Two men led the shift. The first was French coach Louis Borfiga, who was hired as vice-president of high performance athlete development in 2006. In addition to being a hitting partner for Bjorn Borg in his prime, Borfiga helped build the French Tennis Federation into a venerable force, overseeing the emergence of young French players Jo-Wilfried Tsonga, Gaël Monfils and Gilles Simon in the late 1990s and early 2000s.
The second key move was hiring Australian Bob Brett, who coached Boris Becker and Goran Ivanisevic, among others. While Borfiga was tasked with building the country’s tennis talent at the top, Brett’s job was to oversee the development of players under age 14. It was something few countries had tried, said Martin, taking a top pro coach and putting him with kids.
“We had to give our young players world-class coaching that was required, because if you didn’t have that, it was getting to the point where it just didn’t matter any more how good you were athletically, you could not be a winner,” Martin said. “You have to have world-class coaching and an environment for that.”
After years in France, Borfiga recalls arriving to a much different situation in Canada in August, 2006.
“When I arrived, what surprised me a bit was that there was no structure. What I tried to bring above all was a very solid structure,” he said on the phone from Wimbledon. “We gathered all the players together in the same place. We had them compete with each other, and work with coaches.”
Of particular importance was taking stock of the younger talent. “We had a program for those under 12, so we started to get to know the under-12s … What I wanted was to really know all the young players well, and to follow their progress day after day.”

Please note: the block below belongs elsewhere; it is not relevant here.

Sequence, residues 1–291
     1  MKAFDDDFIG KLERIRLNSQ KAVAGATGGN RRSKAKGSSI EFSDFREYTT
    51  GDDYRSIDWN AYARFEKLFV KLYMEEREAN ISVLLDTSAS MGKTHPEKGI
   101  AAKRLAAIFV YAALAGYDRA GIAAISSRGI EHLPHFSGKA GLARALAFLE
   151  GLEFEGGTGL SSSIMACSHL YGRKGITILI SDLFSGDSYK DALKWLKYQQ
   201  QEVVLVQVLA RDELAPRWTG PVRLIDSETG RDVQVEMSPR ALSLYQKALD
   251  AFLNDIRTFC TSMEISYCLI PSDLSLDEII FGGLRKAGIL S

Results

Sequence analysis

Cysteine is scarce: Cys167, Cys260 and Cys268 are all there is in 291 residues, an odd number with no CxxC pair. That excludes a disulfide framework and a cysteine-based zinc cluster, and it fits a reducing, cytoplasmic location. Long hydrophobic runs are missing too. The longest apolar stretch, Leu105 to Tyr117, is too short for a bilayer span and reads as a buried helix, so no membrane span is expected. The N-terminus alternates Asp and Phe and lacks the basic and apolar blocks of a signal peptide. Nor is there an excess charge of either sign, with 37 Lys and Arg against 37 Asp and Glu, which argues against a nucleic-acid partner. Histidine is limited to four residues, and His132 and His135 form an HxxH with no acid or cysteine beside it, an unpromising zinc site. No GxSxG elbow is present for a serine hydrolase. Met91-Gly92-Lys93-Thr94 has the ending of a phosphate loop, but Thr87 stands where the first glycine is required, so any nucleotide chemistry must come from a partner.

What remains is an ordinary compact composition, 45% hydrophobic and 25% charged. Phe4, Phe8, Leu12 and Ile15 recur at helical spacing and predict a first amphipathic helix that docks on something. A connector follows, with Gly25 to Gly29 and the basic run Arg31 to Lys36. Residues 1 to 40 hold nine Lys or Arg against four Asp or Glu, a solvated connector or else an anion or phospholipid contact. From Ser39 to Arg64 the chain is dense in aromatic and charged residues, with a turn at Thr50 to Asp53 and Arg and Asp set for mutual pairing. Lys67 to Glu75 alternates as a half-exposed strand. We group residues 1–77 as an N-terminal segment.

Changing the Canadian psyche in tennis was more difficult, Borfiga said. “I found the Canadian players … they played to have a good match, rather than to win,” he said. “What I tried to do was change the mentality … telling them that they are really stronger than the others, that they could win. We did this work even with the younger players, with all the boys and girls at the centre.”
Raonic went through the program at 16, while Bouchard was a student at 14. With Raonic, the coaches wanted to build out his strength, and get him playing more on clay to develop tactics in his game. But when the student started to outstrip the program in terms of talent and drive, Tennis Canada took another important step. It knew Raonic was too good to be training full-time in Canada, and helped him arrange coaching in Spain, where he could practise with better players, and continue getting funding from Tennis Canada. Bouchard made the same step with training in Florida.
“That’s something other countries don’t do,” Martin said. “We are not incredibly possessive. It became clear that Milos was getting too good and couldn’t be pushed hard enough. It’s a joint thing: We don’t hold on tight and say ‘It’s got to be in Canada.’”
The new approach, particularly the addition of people like Brett and Borfiga, trickles down through the player ranks, said Connell. “You feed off that. It gives the players a lot of confidence knowing that in their corner they’ve got this world-class coach and instructor,” he said.
“It’s amazing. I’m hearing the Americans are jealous of the Canadian system. The Americans have been trying to get this sort of success for a long time. Basically ever since [Pete] Sampras and [Andre] Agassi finished, they haven’t really had an American No. 1, or even close to it.”
But the success of Tennis Canada’s makeover has come with certain casualties. Downey was poached to run the British Lawn Tennis Association, and took Brett with him, as the British hope for similar results in their program.
Despite the praise being heaped on Tennis Canada by other countries, Martin says the results seen at Wimbledon this year are undoubtedly the work of the players. Bouchard, Raonic, and Pospisil are special talents who deserve the credit. The organization has simply helped move them along.
“To say that it’s [the strategy] and not the players, would be, of course, stupid,” Martin said. “We have awesome players with heart and awesome willingness to train.”
With a report from Susan Krashinsky